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Anti-Extremism Sufi Islamic Scholars’ Refutation of Jihadist Theology: Relevant or Run of the Mill?

By Ghulam Rasool Dehlvi, New Age Islam

1 October 2015

At a time when Islamic postulates are conflated in global media with violent extremism, radicalism, religio-fascism, xenophobia, intolerance and exclusivism, a coherent narrative of peace within an Islamic framework is indispensable. However, the question is: what are the progressive and peace-loving Ulema and Islamic clerics, particularly those with the Sufi inclination, doing about it? The extremist Islamist ideologues have cunningly worked out an effective and dangerous radical theology of violence, wanton sectarian killing and suicide bombing. But what about our moderate Islamic clerics and intelligentsia? Do they continue to stare silently or have they really articulated a well-throughout-out Islamic narrative of peace, non-violence and de-radicalisation? And if they are really concerned about it, how accurate, effective and genuine is their engagement in this critical, urgent and gigantic intellectual task? These are some of the relevant questions in the minds engaged in brainstorming effective ways to curb the menace of religious extremism in the Muslim world. 

Dr. Tahir ul Qadri’s Fatwa on Terrorism and Suicide Bombing

Perhaps, the first theological refutation of the Jihadist ideology from among the Ulema was rendered by a Pakistani Sufi cleric Dr. Muhammad Tahir ul Qadri. In an effort to correct damaging misperceptions of Jihad, he wrote a 512-page book published in London by his Minhaj-ul-Quran International in 2010. He termed his book a "fatwa” in order to complement the objective of his Islam-based methodological approach to refute the terror ideology.  Dr. Qadri argued that Islam never allowed rebellion against the regimes, even if they were unjust or oppressive. Takfiri terrorists, who declare fellow Muslims of being apostates, have existed in every era in Islamic history and will continue to exist until the end times, he stated. Quoting extensively from Qur’an and Hadith (the Prophet’s traditions, sayings and teachings), he laid down a hard-hitting argument against every brand of terrorism in the name of Islam, rebutting the justifications of suicide given by the terror ideologues. He opines that the Kharijite ideas historically emanated from the Najd region which paved the way for the hardcore Salafism with its exclusive observance of Islam that can lead to religious extremism. “Some terrorists in fact appear so devout that Hadith warns they would be difficult to target, because their pious works discourage any offensive against them. The violent jihadists' mix of piety and attractive, grievance-based interpretations of political events, especially those that appear to be against the Muslim world, serves as both a powerful recruiting tool and a strong self-defensive measure”, he argues.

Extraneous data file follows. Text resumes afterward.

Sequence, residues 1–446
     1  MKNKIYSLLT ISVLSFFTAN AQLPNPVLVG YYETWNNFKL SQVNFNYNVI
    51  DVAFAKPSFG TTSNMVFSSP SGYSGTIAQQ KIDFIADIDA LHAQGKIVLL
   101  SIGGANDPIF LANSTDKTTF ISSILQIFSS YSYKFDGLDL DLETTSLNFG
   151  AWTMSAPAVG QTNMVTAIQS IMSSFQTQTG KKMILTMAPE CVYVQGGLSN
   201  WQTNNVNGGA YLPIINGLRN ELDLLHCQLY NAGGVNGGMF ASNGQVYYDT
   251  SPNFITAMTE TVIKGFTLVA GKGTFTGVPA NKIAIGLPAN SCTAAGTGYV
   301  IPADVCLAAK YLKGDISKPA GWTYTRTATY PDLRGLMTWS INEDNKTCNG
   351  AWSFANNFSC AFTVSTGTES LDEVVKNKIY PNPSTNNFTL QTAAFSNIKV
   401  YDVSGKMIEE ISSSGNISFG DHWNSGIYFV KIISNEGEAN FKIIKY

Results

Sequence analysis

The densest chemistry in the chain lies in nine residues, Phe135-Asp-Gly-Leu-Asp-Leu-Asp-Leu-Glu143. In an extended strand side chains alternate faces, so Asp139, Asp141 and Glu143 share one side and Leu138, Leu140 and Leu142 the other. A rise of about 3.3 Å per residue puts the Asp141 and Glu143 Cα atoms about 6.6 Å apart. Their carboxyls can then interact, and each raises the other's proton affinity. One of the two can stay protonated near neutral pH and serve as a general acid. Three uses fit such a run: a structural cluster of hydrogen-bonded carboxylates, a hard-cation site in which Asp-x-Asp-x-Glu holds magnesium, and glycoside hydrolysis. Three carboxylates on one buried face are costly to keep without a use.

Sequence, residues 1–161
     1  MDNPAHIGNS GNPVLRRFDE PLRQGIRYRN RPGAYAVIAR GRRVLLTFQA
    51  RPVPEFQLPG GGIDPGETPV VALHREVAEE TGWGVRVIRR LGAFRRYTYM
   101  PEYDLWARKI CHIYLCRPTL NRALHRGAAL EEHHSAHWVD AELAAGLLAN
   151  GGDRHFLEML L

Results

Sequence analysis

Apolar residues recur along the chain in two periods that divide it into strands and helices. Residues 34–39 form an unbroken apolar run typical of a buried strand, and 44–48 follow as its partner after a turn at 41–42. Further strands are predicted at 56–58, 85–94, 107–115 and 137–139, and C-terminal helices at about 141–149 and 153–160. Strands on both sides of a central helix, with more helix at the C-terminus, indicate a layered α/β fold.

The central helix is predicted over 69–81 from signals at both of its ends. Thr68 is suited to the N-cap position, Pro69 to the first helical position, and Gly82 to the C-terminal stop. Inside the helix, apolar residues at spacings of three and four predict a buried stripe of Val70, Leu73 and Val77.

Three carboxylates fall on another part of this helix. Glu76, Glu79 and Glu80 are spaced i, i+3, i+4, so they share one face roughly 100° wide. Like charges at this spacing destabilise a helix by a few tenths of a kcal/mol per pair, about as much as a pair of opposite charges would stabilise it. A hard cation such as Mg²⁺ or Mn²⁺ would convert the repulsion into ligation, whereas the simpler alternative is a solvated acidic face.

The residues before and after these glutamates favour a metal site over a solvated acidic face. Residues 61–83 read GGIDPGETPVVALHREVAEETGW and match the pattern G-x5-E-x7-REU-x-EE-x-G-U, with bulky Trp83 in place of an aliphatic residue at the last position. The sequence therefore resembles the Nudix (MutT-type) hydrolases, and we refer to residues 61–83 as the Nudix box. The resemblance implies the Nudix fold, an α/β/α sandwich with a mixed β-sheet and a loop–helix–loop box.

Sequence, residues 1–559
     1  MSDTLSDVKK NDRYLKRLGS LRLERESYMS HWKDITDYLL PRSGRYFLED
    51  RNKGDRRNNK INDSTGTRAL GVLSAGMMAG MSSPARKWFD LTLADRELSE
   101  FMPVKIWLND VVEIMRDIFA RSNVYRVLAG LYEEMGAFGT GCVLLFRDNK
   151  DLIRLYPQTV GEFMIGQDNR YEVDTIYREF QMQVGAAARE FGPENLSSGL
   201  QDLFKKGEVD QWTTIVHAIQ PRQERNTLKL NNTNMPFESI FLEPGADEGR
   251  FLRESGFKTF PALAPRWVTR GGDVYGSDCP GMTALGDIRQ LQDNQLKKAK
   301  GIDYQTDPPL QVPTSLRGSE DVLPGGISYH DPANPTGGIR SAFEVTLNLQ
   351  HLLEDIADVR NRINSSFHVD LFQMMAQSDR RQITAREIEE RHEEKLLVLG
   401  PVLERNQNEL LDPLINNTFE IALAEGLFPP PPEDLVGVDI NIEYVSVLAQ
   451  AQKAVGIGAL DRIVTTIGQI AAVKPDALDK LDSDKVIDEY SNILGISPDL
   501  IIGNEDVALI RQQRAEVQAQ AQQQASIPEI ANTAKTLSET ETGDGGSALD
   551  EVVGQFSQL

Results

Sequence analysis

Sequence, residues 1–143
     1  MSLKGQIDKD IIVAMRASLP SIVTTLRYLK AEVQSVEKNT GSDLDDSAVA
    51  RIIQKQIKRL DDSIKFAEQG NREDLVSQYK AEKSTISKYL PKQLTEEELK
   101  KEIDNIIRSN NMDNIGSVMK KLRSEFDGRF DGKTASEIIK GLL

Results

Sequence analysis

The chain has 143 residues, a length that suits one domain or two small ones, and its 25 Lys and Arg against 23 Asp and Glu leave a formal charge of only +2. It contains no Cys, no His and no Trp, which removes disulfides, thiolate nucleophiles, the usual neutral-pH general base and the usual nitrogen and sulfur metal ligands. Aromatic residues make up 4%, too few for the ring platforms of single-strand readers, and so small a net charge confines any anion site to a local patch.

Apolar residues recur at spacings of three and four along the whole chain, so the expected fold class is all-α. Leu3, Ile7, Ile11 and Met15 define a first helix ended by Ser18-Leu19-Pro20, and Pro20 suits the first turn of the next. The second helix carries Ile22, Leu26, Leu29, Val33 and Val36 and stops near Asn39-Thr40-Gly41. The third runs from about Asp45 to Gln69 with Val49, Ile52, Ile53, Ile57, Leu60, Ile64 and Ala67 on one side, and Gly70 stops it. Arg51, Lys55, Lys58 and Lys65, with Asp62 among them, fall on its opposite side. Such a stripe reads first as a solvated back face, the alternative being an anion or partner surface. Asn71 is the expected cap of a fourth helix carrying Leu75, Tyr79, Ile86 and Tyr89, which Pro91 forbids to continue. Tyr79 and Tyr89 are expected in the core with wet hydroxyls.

The conclusion in Dr. Qadri’s jurisprudential thesis or fatwa is that Islam mandates peace, safety and security for all civilians and those breaking a country’s civil laws should be punished regardless of religion, creed, or race. Through a well-considered reading of the Qur'an, Hadith and historical texts, Dr. Qadri tried to reclaim from the jihadist ideologues a context-oriented understanding of the Islamic references that they have twisted to justify their violent extremism.

Fethullah Gülen’s Responses to Religious Extremism